IG says USPS should consider locality based pay

From a white paper recently published by the USPS Office of Inspector General:

uspsoigThe ongoing debate about the comparability of postal employee wages to their counterparts in the private sector has rarely included discussion of one key element of the U.S. Postal Service’s wage structure. Private sector companies commonly pay employees based on the local cost-of-living and labor market conditions. As a result, it is well understood that someone working in Manhattan, New York will earn more than someone with an identical job in Manhattan, Kansas. The federal government recognizes this notion through well-established locality pay systems for both its white-collar and blue-collar workers. In fact, the federal government was already recognizing the importance and necessity of offering wages based on local conditions at least as early as the Civil War.

The Postal Service, however, does not pay employees based on local labor market conditions. Despite vast regional differences in labor markets and costs of living, the Postal Service pays the same wage for the same job regardless of location. As a result, postal employees can be among the highest-paid workers in some areas of the country and among the lowest-paid workers in other locations.

Paying higher wages than necessary in some locations would drive up the Postal Service’s costs. Paying below market wages in other locations may make it difficult to attract and retain a qualified, motivated work force, which may affect service quality. It is likely this may happen most often in large urban locations and other areas with strong economic growth. As an improving economy reduces the unemployment rate, the importance of this issue may increase nationwide. Additionally, the work demanded from the Postal Service is likely to be more complex in the future. It is essential going forward that the Postal Service continue to be able to attract a skilled work force in high-cost areas like major cities.

Given the Postal Service’s current financial situation, it is unlikely that it could afford to implement locality pay in a way that would incur additional costs. Nevertheless, bringing its pay systems more closely in line with the best practices of the federal government and the private sector through a locality pay system could substantially improve the long-term efficiency and value of the Postal Service’s workforce, benefiting all of its stakeholders.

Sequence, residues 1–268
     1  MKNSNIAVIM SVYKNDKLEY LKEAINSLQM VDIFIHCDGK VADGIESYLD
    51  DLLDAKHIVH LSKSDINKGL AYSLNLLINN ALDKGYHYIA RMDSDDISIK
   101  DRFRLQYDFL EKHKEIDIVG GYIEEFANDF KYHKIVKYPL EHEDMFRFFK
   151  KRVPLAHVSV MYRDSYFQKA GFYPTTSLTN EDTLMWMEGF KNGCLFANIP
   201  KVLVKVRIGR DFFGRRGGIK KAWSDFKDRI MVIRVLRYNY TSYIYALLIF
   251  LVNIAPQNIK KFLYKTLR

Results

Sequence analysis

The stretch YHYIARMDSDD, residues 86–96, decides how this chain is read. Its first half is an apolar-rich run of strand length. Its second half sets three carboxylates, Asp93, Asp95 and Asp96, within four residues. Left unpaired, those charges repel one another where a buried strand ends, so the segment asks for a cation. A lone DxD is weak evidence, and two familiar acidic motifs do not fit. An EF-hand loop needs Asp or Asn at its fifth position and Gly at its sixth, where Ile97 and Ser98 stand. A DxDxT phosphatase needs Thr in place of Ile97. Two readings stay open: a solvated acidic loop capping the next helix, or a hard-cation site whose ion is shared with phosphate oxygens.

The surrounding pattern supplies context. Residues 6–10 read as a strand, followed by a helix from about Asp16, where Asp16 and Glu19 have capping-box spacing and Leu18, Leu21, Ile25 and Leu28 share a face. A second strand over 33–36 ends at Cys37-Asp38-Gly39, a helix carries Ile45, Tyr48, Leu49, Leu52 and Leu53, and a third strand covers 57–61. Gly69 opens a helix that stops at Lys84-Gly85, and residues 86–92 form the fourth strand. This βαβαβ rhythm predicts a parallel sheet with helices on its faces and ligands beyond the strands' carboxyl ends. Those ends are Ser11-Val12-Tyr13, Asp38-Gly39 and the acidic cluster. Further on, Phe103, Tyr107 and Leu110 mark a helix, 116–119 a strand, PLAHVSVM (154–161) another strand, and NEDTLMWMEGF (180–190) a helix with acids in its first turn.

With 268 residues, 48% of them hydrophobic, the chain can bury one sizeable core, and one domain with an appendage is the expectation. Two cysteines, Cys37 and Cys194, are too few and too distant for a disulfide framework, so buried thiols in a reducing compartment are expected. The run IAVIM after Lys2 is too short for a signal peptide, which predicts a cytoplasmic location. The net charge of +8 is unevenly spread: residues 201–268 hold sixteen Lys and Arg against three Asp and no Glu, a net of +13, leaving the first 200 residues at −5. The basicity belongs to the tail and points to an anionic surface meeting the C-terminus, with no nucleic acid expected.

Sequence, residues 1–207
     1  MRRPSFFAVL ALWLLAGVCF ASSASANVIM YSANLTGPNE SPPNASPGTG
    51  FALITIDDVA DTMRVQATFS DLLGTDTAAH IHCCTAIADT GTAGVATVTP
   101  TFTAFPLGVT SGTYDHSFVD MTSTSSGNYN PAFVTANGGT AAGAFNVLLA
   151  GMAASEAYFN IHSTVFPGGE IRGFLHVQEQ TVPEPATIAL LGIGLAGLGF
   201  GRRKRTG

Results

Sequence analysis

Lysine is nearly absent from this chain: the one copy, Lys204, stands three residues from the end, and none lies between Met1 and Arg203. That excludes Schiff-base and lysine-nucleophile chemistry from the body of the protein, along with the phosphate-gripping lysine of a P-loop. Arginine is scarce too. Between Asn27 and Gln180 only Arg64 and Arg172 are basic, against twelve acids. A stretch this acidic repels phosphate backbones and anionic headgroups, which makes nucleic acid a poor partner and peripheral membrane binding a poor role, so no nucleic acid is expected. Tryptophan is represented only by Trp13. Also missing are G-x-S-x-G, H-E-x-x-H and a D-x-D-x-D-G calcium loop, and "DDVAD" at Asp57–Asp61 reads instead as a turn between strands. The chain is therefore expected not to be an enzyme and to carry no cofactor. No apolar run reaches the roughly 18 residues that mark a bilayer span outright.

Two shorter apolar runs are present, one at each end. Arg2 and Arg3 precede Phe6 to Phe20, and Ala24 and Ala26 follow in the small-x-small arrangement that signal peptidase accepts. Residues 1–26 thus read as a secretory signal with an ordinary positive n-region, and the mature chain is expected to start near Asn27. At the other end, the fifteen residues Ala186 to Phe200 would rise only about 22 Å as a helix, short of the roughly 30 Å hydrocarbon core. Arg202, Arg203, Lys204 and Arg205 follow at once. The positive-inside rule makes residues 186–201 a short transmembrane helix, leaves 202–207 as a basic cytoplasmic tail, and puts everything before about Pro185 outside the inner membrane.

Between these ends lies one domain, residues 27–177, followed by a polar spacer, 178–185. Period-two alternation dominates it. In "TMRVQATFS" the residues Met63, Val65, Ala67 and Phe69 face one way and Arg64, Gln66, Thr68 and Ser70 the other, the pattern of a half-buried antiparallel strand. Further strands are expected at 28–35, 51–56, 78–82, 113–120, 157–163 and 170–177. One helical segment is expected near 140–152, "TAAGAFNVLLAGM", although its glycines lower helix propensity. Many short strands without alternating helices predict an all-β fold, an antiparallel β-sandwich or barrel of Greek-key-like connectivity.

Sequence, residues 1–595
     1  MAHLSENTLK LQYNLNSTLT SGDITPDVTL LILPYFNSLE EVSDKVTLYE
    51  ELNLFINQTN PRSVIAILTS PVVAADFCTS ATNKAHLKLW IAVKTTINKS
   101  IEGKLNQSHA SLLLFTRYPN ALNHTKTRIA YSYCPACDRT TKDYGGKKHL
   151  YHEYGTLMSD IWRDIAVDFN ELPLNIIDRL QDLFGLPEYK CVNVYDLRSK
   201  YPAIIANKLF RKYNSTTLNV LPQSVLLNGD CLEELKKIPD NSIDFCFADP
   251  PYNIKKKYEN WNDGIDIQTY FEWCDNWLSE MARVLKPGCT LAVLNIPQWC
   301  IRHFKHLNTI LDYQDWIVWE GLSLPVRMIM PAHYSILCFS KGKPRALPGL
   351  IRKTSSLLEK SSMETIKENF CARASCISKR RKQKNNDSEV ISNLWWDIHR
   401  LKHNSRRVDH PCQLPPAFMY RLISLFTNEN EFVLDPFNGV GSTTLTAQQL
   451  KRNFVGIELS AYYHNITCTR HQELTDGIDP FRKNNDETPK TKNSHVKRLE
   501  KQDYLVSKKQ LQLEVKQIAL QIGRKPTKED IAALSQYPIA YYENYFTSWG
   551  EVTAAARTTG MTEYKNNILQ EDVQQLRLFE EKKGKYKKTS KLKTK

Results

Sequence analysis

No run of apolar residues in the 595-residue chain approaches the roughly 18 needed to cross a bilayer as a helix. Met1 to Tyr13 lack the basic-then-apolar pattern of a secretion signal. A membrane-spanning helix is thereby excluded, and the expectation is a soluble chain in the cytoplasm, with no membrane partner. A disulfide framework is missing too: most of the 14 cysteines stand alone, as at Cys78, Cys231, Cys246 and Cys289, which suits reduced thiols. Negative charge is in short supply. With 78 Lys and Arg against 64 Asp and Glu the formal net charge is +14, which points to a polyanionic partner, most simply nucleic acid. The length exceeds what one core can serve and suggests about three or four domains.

Office of Inspector General | United States Postal Service.

  • Frank Nyberg

    The unions were always against it.. This is a case where the metropolitan locals lack the clout to make locality pay a contract request in negotiations when their contract is due.

    • Ted Barrero

      The unions would actually be for it, as the larger cities would be where the higher pay would be needed. Management, however, has no unions, thus their pay could easily be changed to a locality based structure. But, in the end, this is just another OIG post of the month which will not mean anything.

  • leftfordead

    The post office doesn’t want “a skilled workforce”. They want drones.

  • Frank Nyberg

    Fact is that the largest local of the NALC Branch 6000 repeatedly tried to include it in the unions platform at conventions. It was always voted down. Those against it do not want to see big city carriers make more than them and they are concerned their pay would be frozen or reduced.

    • BigBob

      True – always voted down. That’s because most USPS workers live in areas of the country where cost of living is cheap and USPS pay is considered huge.
      Unfortunately, big city workers can barely scrape by, with additional spousal income a necessity.
      The majority rules.

  • Larry Beauchamp

    How many private sector workers make $25/hr + premium benefits anywhere in the country? Starting pay sure isn’t minimum wage.

    • Scott


  • fred

    Are they going to raise the price of stamps in high cost areas? If the urban areas want higher pay, they should also have to pay more for stamps.

    • Reginald

      No. If they raise stamp prices anymore then they would be higher than your IQ.

  • MrPolarBear

    Both UPS and FED Ex starting pay is more than the USPS. Just ask a CCA. Also….. UPS hourly pay is more than USPS. They make more and have weekends off.

  • KJ

    I’ve worked in small towns in the midwest and large cities throughout my letter carrier career. Small town carriers work much harder than most large city carriers. I believe that the pay scale is as fair as it can be, and just changing things for the sake of saying they are “saving the PO” is what has got us into most of the problems in the first place. But, it seems like liberals in large cities seem to get their way these days, so…

    • BigBob

      Yep, those big city liberals always get there way. Just ask Sean Hannity.

  • John Griffing

    Just give those of us who were TE’s and stayed on as CCA’s our $6/hour back!! Because of this BS pay cut imposed by a BS third party arbitrator [who was fired by Major League Baseball] I now bring home over $1000 less per month!!

  • MtnPostmaster

    The USPS would just use this as an excuse to lower the pay of rural workers and just keep urban workers pay the same! There would be no great “Locality Pay” just an excuse to lower wages for another group of employees. Remember the old saying “Divide and Conquer”!

  • ron

    Thats fine but the IG needs locality pay also!
    I am sick of all these people trying to kiss up but it doesn’t effect them!